Will A New Lineup Be Enough To Save It?

Los Tiempos Van Cambiando — The Times, They Are A-Changing — this is the song that pops into my head as I peruse Harley-Davidson’s 2018 lineup. Conspicuous by their absence are the Dyna family models that replaced the FXR and the stoplight-burner V-Rod as they both were cut from the program. The Motor Company is instead focusing its efforts on the remaining five groups: Street, Sportster, Softail, Touring and Trike. What about the CVOs you ask? Well they’re just souped up versions of bikes that are already accounted for under the Touring bracket, so I don’t consider them to be their own group in the same sense as the others. So, with all these changes, where does Harley stand now?

Continue reading for my take on the Harley shift.

Where Is This Coming From?

Harley-Davidson Announces 2018 Softail Lineup
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Harley-Davidson Announces 2018 Softail Lineup
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2018 Heritage Classic 2018 Fat Boy
The market is skipping over Gen Xers and going straight to go the Millennials who are rapidly emerging as the next “buying power” group.

Let’s be blunt, shall we? The previous generations of Softails were emblematic of what ails the Company in general. Like a microcosm of the long-running H-D market strategy, the Softail traded handling and comfort for the imagery of the faux-hardtail frame. It focused on hitting the Baby-Boomer’s nostalgia button with frame geometry from the 50’s with kitchy variants like the Heritage Classic (one of my all-time favorite H-D designs, by the way), the Fat Boy that old Arnie made famous in “Terminator 2,” and the dangerous and wickedly uncomfortable Springer variant.

These models enjoyed varying amounts of success, but whatever cheddar they put in the bank was due more to the aesthetics and the brand loyalty of an aging customer base. Sound familiar? That’s been the language from detractors of the brand for long and long, and it isn’t entirely without a basis in fact. It was supposed that the Gen-Xers would inherit their parent’s taste in bikes, but due to myriad factors, the market is skipping over them straight to go the Millennials who are rapidly emerging as the next buying power group. Harley won’t be able to count on the inherited tastes or the natural — and naturally slow — evolution process to keep its products in line with popular demand.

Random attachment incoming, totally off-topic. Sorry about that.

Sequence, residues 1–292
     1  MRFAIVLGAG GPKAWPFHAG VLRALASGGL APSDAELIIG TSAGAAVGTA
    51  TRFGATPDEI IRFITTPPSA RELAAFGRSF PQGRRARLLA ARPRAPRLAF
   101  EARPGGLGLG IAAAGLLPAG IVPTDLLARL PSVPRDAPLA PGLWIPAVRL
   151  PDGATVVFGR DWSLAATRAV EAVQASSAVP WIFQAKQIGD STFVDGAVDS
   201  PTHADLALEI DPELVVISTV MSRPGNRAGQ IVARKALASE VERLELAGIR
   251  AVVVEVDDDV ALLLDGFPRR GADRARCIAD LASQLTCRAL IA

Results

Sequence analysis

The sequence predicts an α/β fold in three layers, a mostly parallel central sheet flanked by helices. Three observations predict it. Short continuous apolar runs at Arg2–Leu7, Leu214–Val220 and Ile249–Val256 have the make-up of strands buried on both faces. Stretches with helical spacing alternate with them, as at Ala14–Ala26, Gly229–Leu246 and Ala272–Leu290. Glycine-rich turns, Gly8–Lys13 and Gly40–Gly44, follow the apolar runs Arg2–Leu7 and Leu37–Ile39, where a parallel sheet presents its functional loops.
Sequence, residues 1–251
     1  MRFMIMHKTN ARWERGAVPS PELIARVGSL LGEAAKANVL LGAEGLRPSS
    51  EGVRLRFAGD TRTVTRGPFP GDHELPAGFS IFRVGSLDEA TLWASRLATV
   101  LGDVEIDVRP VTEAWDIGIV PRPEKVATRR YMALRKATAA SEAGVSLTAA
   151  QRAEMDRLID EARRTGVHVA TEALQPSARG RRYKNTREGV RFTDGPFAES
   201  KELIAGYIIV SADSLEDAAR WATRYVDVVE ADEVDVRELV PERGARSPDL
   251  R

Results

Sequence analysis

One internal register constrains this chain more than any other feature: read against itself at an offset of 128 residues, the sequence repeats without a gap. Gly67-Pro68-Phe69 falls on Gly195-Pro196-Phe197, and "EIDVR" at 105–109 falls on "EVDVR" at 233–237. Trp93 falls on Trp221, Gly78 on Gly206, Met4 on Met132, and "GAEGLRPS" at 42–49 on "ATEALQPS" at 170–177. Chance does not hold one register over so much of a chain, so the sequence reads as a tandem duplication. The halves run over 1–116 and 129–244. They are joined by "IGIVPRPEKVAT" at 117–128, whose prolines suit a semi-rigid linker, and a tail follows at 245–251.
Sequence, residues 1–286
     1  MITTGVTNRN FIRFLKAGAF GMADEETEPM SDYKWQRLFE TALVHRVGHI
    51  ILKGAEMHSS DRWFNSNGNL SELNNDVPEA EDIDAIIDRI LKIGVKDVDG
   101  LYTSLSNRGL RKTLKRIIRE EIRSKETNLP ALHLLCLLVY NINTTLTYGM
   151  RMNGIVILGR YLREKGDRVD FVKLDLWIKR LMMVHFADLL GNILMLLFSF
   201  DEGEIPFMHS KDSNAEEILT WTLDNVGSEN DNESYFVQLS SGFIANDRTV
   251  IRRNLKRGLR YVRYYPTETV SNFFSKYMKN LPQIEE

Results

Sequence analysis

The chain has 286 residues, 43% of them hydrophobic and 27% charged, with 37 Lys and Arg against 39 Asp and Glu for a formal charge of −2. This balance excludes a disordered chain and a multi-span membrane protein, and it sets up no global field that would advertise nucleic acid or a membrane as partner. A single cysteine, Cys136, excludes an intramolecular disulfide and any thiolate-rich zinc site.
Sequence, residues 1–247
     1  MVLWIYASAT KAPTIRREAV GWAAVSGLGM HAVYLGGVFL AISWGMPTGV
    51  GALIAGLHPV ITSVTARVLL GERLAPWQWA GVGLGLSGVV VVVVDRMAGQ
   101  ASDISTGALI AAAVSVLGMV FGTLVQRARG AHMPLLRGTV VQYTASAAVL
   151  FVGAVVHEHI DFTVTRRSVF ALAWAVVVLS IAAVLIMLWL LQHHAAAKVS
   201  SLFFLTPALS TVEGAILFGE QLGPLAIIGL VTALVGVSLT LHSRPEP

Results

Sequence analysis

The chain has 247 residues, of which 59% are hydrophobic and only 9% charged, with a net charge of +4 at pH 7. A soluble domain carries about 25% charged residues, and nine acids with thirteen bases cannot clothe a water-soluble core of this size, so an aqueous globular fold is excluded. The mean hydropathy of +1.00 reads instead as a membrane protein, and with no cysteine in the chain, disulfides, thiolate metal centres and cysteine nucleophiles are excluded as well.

Fits and Starts

2016 - 2018 Harley-Davidson Street 500 / Street 750
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2017 Street 500/750 2009 V-Rod Muscle
You can feel it, almost like a slow-motion seismic shift as Harley gets off its brand-laurels and realizes that it is time to wean itself off the Boomer teat.

To be fair, the Motor Company started trying to trend toward the progressive end of the spectrum all the way back in 2001 with its VRSC V-Rod and its “Revolution-X” powerplant. It was meant to bring the V-Twin engine into the 21st century with higher performance, lower vibration and liquid-cooling. A raked-out front end, perimeter-style frame and low-slung stature was meant to grab the attention of the folks who are on the fence between buying a sportbike and buying a cruiser, but it just didn’t quite pan out.

The Street 500/750 and Street Rod are sort of a continuation of the V-Rod line in miniature with contemporary looks, sporty handling and a water-cooled mill that’s a bit smaller than the full-size V-Rod’s lump and are more appropriate for first-time buyers and riders. No doubt this is a large part of the reason the Street line made the cut. Harley’s CVO program brought bigger-and-better to the table, but all of that yummy-goodness goes to the baggers and tourers with no gravy left for the cruisers.

What about the cruisers, you ask? Well, they’re all Softails now. No more Dynas of any sort. The faux-rigid cruiser that launched an era back in ’84 has finally been redesigned to incorporate a modern (albeit pushrod) engine, better-than-vanilla suspension and a redesigned chassis that delivers greater cornering clearance and flickable handling. Everything under the sheet metal got revamped to be more competitive in a contemporary global market — pretty much like H-D has done with its whole 2018 lineup. You can feel it, almost like a slow-motion seismic shift as Harley gets off its brand-laurels and realizes that it is time to wean itself off the Boomer teat.